Direct-to-consumer (D2C) is about mastering technology to give the best possible products and services to your consumers. Brands like Nespresso, Tupperware, Tesla or Peloton show how it’s done.
A New Word for Consumer Focus: D2C
Selling direct to consumers is nothing really new to brands. Brands’ own stores, for example, have been around for at least 50 years, and direct sales models like Tupperware (household goods) for even longer. So what’s new and what’s different this time around? Why all the craze from brands and investors alike? To me, D2C is really about consumer focus, but on steroids. Driven by technology and the ability to listen to consumers and provide them with more products, better products, and relevant individualised content.
2 ½ Ways of Selling Direct to Your Customers
D2C means selling directly to an end-consumer and having the legal right to use your customers’ data. Channels like your own webshop, your own brand store, selling direct to consumers via Instagram or Live Shopping are some obvious and frequently used D2C channels.
Marketplaces, however, even though they have the highest market share of all digital distribution channels, are only half the way to selling direct to your consumers. That’s because the Marketplaces legally own the customer data, and brands cannot directly influence customers to drive a customer’s lifetime value to the brand (CLV). So, while you definitively have more control over your assortment than in a traditional wholesale business model, you do not have control over consumer data.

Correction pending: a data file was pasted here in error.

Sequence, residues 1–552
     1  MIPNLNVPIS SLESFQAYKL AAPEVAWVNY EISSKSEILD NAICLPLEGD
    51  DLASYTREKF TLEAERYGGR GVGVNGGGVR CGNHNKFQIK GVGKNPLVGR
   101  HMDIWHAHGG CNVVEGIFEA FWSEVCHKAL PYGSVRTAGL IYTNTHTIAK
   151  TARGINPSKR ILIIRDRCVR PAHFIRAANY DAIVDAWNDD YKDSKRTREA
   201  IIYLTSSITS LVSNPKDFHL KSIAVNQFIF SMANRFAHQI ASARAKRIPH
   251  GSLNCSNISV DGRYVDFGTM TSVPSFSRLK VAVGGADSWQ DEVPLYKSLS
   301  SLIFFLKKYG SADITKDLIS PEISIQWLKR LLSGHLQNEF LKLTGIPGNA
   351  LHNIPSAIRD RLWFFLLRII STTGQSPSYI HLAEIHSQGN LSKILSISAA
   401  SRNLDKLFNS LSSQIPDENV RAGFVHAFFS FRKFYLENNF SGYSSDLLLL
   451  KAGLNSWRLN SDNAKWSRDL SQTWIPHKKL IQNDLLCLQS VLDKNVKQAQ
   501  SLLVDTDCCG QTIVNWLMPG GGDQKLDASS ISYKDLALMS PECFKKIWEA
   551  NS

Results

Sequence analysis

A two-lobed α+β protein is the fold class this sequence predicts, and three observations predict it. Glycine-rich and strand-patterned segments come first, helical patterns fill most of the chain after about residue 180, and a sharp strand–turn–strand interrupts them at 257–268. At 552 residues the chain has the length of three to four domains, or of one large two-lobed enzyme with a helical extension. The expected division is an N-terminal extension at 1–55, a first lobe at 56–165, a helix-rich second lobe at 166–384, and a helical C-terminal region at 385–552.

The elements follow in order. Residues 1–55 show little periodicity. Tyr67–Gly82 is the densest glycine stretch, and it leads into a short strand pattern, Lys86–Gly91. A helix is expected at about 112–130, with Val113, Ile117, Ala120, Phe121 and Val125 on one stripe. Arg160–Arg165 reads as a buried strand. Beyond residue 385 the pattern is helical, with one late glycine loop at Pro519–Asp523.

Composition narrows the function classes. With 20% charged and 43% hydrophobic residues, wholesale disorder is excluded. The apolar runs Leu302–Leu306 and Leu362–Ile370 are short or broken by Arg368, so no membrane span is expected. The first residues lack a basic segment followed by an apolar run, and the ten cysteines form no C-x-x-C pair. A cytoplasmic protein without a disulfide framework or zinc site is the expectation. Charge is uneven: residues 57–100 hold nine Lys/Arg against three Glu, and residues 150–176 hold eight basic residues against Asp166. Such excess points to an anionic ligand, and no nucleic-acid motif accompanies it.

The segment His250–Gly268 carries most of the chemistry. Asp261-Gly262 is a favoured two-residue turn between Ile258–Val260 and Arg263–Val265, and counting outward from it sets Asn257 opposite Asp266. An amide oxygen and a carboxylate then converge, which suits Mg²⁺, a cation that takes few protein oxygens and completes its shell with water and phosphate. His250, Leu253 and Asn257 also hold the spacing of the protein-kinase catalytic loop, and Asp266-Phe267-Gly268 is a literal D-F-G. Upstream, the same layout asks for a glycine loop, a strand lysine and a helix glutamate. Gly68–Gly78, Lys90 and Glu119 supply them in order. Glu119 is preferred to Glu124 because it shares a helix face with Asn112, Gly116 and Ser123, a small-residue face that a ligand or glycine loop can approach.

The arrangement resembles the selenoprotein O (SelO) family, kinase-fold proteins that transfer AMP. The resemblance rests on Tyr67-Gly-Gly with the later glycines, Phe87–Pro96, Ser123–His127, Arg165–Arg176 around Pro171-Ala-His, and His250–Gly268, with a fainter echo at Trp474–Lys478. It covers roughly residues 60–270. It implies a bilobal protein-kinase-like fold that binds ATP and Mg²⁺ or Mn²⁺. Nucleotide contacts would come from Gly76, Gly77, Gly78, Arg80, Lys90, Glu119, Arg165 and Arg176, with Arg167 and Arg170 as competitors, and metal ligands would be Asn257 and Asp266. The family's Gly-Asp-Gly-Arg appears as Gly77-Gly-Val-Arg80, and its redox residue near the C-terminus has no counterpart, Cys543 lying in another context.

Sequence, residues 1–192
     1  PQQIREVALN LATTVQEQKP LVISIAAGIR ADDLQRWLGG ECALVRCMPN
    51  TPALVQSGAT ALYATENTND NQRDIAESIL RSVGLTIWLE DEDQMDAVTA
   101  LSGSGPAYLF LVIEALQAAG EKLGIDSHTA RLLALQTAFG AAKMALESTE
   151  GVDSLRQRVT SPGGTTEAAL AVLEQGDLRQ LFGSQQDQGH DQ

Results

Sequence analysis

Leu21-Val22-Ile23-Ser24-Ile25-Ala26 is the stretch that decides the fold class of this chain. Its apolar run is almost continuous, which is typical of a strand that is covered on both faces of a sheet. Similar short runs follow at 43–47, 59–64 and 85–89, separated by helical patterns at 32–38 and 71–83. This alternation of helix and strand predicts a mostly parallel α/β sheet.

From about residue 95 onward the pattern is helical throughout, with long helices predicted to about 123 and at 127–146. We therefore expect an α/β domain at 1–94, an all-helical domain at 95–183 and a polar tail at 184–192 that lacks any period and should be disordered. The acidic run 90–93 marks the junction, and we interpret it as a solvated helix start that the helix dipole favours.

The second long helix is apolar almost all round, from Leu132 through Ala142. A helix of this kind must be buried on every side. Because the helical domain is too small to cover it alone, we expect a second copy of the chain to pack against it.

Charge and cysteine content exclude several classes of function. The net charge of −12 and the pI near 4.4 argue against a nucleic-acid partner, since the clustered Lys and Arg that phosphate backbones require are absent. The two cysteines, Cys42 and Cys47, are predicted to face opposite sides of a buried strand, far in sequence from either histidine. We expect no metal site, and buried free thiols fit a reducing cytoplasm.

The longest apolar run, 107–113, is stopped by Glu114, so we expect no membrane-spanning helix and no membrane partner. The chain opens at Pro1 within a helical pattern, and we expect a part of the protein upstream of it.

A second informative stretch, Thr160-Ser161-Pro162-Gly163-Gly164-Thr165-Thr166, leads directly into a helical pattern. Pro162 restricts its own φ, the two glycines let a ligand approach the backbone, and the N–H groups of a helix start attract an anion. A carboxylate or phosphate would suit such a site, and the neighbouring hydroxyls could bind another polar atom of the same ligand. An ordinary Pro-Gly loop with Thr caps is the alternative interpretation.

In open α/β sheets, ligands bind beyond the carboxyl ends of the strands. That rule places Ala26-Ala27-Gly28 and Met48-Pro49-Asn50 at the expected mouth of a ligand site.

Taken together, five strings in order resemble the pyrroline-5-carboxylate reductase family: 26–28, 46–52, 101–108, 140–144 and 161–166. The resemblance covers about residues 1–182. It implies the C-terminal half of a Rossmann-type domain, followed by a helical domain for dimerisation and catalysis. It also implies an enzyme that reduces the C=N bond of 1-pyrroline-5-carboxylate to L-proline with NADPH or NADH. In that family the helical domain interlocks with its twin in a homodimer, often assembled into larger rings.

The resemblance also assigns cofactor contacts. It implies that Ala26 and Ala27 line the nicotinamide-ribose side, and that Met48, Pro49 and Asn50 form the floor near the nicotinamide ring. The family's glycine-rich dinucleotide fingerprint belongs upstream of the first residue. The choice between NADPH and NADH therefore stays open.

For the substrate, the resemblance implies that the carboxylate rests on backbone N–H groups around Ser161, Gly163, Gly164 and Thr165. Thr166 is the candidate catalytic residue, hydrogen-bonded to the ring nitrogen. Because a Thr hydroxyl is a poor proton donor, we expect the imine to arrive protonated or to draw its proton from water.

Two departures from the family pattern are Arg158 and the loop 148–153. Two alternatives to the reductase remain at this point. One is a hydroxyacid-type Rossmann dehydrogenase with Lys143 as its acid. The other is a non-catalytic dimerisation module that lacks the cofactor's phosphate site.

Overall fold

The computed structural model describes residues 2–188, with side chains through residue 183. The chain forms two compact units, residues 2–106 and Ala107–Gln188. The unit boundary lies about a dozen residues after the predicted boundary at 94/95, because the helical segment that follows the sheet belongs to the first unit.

Despite this lack of consumer data ownership, many native D2C brands do very well selling on marketplaces. That’s due to their detailed knowledge of their target group, combined with an excellent understanding of digital marketing processes, tools, and the product search algorithms of the marketplace.
D2C Impact on Your Channel Mix
Of course, growth via D2C channels alone has its limitations. Marketing funds to reach ever more consumers will be limited, even at the biggest of brands.
And more importantly, consumers don’t want to manage a plethora of 1:1 relationships with all the brands they like to buy. They want to be able to conveniently compare and shop products, to touch, feel and smell them. That’s why the largest brands operate on a mix of D2C and non-D2C models and will likely continue to do so for the foreseeable future.
There has been a lot of talk recently about how the largest global brands in particular try to better control their wholesale distribution. Driven by a market environment where it has never been easier to compare products and prices, consumers have been educated to “love the deal, not the brand” (thanks to Torben Valsted for this quote). As a result, brands are finding it increasingly difficult to monetise on their upfront customer acquisition invest and try to gain more control via D2C business models and tighter control and guidelines for their retail partners.
Point in case just earlier this week, Adidas announced an increase in pressure on wholesale partners along with higher minimum order volumes and standards for being allowed to sell the brand. Nike, Adidas and Rimowa are prime examples of this trend in recent years.
Smart Brands, however, will also support and form cooperations with their retail partners. The focus will be on better digitising and interweaving their mutual business models to ensure availability of customer data across all of their distribution channels. WOOM bikes and their upCYCLING idea is an example of a smart way of doing so, offering consumers (no matter where they bought their bike) to trade in their old WOOM bike for a new one and get a discount worth 40% of the old bike’s original price.
Even better, if your retail partner bases their whole business model on giving your brand the space and the data you want. A great example for this is VAUND.